Built In 1555, it was one of the oldest buildings we visited in Russia. Inside was a maze of small rooms and narrow corridors. All painted with a swirly blue pattern. It was surprising that it was such a maze. But even more surprising, that the towers and domes and totally hollow – and elaborately painted on the inside! When we came out, it started to rain. Typical.

The GUM shopping arcade lines one side of the Red Square. It is a very old fashioned style shopping centre, complete with little old fashioned stalls selling icecream. Plus all the shops – Burberry, Pravda, Hermes etc etc. We needed the toilets. There were signs. Which we followed. Up to the top floor. Then along the floor. And suddenly into a Chinese restaurant. Downstairs of the Chinese restaurant. Through the seating area. And there they were. So random!


We left the square through the Resurrection Gate – a bright red building, with two towers, both topped with bright green turrets. Everything is so colourful. I had been desperate for water all morning. And despite being unable to drink tap water, shops selling water were not obvious. Hadn’t seen a single one. But finally, spotted a MacDonald’s. And they sold bottles of water.

Next up. The Kremlin.

The red towers of the Kremlin mark the founding site of the city of Moscow, over 900 years ago.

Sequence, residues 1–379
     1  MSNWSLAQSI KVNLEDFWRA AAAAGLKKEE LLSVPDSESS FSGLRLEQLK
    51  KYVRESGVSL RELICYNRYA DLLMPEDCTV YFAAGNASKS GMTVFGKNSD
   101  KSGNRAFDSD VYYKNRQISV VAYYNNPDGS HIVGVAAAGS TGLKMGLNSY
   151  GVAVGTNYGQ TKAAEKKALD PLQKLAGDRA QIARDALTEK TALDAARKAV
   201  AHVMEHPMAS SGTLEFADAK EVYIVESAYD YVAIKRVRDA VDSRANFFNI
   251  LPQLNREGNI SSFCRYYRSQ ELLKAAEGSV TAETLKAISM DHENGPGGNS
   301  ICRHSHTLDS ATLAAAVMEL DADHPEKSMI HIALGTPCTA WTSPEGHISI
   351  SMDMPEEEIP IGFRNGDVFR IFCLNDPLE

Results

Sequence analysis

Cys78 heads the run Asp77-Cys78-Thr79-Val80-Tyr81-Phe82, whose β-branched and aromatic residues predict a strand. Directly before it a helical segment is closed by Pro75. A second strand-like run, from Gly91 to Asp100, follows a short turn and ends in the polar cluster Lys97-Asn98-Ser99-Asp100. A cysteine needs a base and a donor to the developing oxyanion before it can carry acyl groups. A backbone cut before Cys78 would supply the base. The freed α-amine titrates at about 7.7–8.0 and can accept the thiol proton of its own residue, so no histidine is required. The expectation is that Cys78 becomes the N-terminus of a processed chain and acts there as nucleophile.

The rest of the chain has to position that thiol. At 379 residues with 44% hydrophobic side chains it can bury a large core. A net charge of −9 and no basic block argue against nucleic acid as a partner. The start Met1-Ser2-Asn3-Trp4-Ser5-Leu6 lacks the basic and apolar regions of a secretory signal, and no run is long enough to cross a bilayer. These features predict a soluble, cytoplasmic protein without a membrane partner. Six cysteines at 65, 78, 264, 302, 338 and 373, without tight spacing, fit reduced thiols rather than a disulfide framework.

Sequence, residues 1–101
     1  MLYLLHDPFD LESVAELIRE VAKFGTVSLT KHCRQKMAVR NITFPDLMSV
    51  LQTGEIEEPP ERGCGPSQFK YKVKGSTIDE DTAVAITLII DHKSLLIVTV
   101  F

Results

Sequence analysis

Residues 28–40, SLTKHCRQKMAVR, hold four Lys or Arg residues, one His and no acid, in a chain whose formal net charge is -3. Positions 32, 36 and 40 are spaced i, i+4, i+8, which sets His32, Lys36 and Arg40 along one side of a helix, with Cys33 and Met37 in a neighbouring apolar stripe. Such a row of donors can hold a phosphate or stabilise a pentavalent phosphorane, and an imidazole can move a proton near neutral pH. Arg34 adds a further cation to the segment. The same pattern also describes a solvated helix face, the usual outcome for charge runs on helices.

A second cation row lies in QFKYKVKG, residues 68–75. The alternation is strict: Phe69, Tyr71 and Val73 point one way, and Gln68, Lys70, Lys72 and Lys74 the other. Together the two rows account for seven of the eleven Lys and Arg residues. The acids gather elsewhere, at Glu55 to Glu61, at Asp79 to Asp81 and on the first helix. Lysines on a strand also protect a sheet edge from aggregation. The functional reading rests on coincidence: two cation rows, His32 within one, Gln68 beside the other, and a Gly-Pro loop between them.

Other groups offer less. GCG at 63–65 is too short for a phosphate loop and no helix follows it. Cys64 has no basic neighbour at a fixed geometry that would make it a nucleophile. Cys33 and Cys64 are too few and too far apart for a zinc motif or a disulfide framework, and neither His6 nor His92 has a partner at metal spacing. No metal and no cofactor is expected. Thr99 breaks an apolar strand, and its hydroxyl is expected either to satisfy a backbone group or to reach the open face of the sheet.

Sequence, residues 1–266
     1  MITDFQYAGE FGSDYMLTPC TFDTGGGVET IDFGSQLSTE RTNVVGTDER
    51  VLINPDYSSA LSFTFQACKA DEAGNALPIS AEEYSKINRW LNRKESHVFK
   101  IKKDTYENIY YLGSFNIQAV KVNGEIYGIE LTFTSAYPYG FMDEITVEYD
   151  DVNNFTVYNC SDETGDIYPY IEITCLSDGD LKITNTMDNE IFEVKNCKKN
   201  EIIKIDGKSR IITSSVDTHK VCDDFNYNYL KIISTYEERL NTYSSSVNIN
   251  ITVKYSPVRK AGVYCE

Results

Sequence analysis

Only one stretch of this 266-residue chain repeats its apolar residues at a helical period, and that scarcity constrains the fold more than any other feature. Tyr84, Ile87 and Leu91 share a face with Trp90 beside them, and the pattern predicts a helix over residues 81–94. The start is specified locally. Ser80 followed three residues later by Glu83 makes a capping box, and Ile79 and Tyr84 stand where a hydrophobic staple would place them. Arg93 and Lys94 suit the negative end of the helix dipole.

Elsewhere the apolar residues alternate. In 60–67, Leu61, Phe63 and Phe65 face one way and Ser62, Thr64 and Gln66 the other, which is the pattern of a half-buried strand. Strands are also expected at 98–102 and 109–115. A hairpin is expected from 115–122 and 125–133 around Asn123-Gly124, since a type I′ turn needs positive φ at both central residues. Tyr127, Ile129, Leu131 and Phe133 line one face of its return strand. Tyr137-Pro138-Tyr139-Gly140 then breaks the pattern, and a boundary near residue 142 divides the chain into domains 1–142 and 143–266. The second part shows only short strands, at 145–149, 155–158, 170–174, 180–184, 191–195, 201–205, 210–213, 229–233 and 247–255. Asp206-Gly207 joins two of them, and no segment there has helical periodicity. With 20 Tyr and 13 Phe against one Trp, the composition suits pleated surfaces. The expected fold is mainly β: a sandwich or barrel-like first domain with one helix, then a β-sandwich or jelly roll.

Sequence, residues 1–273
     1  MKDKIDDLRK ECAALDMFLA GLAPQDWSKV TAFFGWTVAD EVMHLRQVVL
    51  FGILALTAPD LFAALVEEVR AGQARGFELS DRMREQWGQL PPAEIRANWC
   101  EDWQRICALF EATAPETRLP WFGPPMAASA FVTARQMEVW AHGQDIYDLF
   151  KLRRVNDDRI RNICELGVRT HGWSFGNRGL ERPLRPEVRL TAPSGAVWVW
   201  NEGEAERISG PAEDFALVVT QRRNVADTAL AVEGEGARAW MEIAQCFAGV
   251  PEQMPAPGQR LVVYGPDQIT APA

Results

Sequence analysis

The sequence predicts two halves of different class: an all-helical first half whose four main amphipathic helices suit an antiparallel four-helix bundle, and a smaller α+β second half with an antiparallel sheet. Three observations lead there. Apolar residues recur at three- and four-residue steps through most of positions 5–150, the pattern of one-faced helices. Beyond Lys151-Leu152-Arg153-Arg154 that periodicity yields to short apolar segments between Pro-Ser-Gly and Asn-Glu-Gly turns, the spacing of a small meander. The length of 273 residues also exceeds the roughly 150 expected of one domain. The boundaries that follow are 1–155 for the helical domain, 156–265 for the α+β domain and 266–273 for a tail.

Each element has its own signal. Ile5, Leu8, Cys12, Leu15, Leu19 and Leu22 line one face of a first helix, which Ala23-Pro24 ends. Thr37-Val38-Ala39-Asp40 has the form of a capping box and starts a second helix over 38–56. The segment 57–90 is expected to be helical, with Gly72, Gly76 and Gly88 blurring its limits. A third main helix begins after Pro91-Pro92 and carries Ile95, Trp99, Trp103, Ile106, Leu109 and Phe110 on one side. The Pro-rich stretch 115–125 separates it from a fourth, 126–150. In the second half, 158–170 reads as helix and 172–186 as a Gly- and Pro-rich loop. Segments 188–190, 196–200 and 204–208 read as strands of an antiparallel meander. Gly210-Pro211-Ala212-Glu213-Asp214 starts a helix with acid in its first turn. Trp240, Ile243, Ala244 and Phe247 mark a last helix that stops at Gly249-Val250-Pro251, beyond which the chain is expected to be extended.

We just missed the changing of the guard at 1pm. The tomb of the fallen soldier is flanked by two guards. We saw the crowds moving away at 1.01pm!

We already had tickets, which actually seemed pointless. As you had to go inside to exchange these for real tickets anyway. Then back up to a long walkway which, via some airport style scanning, took us within the red brick walls, through the Kutafya tower and underneath the trinity gate tower.

This tower was built in 1845 and is 80m high, the tallest tower on the kremlin walls. The kremlin area is a large open space, completely surrounded by a red brick walled perimeter. One building houses the official government building. There is the armoury – a museum full of gold and diamonds. Plus numerous churches.

Our ticket allowed us into all of the churches. We wandered around each of them. All with their white walls and gold tops. Photos generally weren’t allowed inside. And it was raining outside. We passed by Ivan’s bell tower. With a large 202 tonne bell sitting just to the side of the building, which has apparently never rung.